Blast from Non-Executive Grenade Still Reverberating
Byline: Philip Williams
Lord Young chose his moment to throw a grenade into the debate over corporate governance last month. He waited until the last gasp of his presidency of the Institute of Directors before stunning it with a remarkable attack on a supposed cornerstone of modern company structure - the non-executive director.
What are they for? thundered the Conservative former trade secretary whose advice on business was valued by the likes of Margaret Thatcher.
After the disasters of Enron, Marconi, Equitable Life and now WorldCom, what use are 'box tickers' who can do little more than 'judge what management tells them'.
'Even if they spend one day a week in the company, as the National Association of Pension Funds has suggested, can they ever know the business as well as the executives? No, they can't. In that case, why bother? Why bother with non-execs at all?' he said.
He has a point. If all a non-executive director is expected to do is to roll up to the quarterly board meeting, ask a question or two before rubber stamping what the executive officers recommend and fix their pay in matey remuneration committee before collecting the pounds 25,000 annual fee, he might be right.
A concensus seems to be emerging that the system and the boardroom environment has to change.
The Government has already recognised that there is a genuine debate and has asked the City banker Derek Higgs to look into the role of non-executive directors in modern companies and report before the end of the year on how to make them more effective.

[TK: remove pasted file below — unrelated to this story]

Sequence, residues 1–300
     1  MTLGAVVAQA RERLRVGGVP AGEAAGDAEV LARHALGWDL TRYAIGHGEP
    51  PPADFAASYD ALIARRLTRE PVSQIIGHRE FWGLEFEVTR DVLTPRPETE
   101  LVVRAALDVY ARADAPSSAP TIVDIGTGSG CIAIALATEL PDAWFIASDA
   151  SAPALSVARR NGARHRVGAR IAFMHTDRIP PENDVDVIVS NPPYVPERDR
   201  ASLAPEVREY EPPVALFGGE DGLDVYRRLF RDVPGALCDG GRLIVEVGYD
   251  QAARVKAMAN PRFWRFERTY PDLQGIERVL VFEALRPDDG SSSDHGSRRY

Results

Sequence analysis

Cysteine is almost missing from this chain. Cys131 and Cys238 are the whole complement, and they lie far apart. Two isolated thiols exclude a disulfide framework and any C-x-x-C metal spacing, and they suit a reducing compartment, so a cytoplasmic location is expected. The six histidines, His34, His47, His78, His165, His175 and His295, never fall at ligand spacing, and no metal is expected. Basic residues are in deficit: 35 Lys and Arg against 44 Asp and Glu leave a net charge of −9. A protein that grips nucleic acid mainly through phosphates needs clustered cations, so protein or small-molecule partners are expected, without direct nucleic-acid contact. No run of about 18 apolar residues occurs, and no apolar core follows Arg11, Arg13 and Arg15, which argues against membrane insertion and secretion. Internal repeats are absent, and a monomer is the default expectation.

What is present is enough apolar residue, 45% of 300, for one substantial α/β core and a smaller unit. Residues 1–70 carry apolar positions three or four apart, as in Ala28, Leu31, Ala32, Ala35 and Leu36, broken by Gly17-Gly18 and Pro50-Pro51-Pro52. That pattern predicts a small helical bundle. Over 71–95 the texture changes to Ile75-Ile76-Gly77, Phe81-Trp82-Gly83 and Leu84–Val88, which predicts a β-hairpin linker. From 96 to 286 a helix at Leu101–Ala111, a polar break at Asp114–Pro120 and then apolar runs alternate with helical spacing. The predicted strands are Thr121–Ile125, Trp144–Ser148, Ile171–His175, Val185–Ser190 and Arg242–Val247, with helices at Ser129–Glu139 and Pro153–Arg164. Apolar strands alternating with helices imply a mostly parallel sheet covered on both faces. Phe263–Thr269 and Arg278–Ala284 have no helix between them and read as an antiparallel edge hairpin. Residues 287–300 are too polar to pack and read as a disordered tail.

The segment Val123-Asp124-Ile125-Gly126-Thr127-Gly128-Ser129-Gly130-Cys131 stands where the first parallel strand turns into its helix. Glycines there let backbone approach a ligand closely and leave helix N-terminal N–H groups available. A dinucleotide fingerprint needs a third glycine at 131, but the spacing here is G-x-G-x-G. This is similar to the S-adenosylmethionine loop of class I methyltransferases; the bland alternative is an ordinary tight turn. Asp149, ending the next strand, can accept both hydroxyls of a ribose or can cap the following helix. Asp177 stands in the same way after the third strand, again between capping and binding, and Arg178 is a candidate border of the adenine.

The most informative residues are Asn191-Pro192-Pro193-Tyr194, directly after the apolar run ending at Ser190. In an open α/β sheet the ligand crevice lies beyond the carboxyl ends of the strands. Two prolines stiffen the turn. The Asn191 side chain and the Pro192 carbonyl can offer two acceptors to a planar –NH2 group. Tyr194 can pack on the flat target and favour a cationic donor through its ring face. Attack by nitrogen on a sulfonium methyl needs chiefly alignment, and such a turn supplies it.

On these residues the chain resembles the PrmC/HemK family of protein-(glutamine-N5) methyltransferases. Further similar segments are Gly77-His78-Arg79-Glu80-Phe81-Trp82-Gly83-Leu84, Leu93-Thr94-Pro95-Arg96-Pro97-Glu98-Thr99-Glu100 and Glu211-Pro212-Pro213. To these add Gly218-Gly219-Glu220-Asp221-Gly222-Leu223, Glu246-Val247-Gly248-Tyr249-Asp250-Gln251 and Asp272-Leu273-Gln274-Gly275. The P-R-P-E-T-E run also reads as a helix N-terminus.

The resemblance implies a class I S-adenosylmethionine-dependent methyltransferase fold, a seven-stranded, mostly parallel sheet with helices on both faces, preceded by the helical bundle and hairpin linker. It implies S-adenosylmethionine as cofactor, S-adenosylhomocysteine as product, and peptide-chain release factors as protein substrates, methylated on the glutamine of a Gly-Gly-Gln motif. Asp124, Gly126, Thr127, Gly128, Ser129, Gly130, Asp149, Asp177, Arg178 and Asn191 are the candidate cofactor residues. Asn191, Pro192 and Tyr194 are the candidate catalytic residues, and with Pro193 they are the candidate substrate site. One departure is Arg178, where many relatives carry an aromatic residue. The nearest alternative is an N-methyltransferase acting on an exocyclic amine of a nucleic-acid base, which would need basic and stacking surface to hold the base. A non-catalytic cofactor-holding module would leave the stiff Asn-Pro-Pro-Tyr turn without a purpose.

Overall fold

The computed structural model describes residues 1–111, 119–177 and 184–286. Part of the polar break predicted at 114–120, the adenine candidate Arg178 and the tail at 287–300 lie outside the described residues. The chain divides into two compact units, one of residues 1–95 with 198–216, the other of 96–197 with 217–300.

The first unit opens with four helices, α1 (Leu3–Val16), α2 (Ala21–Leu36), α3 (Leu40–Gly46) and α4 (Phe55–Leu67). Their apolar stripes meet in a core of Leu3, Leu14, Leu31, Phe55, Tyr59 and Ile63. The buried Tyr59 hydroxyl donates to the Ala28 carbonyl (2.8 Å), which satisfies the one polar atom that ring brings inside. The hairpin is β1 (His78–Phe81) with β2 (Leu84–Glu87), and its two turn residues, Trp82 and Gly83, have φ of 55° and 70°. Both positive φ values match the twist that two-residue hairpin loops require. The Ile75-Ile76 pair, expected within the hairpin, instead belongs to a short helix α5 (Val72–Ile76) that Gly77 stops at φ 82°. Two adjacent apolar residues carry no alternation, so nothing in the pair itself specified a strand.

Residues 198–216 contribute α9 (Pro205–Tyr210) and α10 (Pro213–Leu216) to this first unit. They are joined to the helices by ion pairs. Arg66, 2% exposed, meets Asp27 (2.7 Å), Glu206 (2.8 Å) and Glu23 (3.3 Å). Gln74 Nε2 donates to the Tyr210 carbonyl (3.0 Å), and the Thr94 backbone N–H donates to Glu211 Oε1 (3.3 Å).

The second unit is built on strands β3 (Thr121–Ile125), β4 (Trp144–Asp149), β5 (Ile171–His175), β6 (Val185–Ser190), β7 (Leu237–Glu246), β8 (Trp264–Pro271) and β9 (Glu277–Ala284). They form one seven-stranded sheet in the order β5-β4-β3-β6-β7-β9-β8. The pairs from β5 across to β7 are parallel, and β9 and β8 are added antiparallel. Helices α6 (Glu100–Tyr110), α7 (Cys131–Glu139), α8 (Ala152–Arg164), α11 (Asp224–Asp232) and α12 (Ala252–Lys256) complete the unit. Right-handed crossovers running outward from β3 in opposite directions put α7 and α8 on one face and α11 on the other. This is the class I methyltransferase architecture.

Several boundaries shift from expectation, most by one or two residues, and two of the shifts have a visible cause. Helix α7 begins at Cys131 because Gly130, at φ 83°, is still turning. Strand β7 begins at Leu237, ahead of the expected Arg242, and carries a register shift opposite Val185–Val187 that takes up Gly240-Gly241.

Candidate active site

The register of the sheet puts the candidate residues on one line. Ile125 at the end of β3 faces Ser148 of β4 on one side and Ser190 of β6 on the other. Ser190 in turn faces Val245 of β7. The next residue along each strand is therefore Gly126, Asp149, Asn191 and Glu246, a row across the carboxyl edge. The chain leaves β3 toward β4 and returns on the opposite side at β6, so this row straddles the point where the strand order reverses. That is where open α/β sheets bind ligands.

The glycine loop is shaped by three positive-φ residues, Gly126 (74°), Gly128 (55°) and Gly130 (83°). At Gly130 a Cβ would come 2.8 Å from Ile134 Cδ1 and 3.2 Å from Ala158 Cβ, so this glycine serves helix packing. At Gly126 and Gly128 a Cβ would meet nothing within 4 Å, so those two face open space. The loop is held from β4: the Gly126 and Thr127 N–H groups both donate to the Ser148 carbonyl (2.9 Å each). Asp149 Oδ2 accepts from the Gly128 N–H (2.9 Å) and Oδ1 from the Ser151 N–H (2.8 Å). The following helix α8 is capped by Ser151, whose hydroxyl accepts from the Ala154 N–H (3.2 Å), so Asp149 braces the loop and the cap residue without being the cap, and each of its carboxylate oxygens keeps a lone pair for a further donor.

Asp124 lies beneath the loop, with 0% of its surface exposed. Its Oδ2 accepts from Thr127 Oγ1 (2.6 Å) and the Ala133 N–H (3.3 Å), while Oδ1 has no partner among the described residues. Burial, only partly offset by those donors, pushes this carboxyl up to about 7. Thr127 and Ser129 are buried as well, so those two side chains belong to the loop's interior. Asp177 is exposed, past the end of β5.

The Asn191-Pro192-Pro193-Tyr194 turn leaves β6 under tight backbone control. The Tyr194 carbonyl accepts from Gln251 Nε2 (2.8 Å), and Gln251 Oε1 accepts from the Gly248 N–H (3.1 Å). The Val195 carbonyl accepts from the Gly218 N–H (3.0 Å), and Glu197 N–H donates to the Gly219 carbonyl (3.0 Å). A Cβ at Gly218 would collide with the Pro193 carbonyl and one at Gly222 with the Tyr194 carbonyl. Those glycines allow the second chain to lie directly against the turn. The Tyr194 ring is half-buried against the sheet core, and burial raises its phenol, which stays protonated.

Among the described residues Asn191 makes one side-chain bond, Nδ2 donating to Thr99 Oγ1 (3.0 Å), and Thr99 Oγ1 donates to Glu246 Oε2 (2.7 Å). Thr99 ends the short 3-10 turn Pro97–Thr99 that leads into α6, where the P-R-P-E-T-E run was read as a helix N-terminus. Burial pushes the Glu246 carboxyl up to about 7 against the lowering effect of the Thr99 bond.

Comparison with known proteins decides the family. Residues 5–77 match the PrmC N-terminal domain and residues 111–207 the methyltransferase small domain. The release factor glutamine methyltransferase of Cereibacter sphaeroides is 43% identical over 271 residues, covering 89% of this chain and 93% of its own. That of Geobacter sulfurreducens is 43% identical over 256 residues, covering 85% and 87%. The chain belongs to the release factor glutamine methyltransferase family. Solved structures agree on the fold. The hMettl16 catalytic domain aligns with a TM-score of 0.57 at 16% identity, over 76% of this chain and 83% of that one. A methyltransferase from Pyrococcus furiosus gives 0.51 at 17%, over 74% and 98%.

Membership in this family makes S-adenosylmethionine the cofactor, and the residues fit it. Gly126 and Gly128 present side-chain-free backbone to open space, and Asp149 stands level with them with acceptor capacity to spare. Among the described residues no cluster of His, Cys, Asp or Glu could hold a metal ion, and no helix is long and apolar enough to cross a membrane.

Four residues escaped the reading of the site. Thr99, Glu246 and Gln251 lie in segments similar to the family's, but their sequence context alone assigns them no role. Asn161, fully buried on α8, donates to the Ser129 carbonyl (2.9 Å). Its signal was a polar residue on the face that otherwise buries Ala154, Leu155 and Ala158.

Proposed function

The NAPF and the Association of British Insurers have already had their say and will no doubt be offering their threepence-worth to the Higgs inquiry.
The ABI's suggestions were twofold - increase the fees for non-execs to reflect and underscore their increased responsibilities.
That move would also help to discourage people from accepting multiple non-executive roles. Some directors have built up up to a dozen or more such posts.
Not only could they not be effective in guiding a company's fortunes, that proliferates the 'I'll sit on your board if you will sit on mine' businessmen's mafia.
The ABI doesn't want to commit itself to an exact number of directorships to be allowed, but the National Association of Pension Funds, is more specific.
It says that five should be a maximum, enabling non-execs to spend at least a day a week at each company and that no director with an executive role at one company should be allowed to take on more than one non-executive job anywhere else.
You don't need to have the same detailed knowledge as an executive director. But a non-exec should make a contribution to strategy, bring new skills to the board and have a corporate governance role to play in audit, remuneration or nomination committees, the association argues.
It too supports higher non-executive pay (at least pounds 50,000-pounds 60,000) and more rigorous selection and interview procedures to eliminate the excesses of the old boys' club. …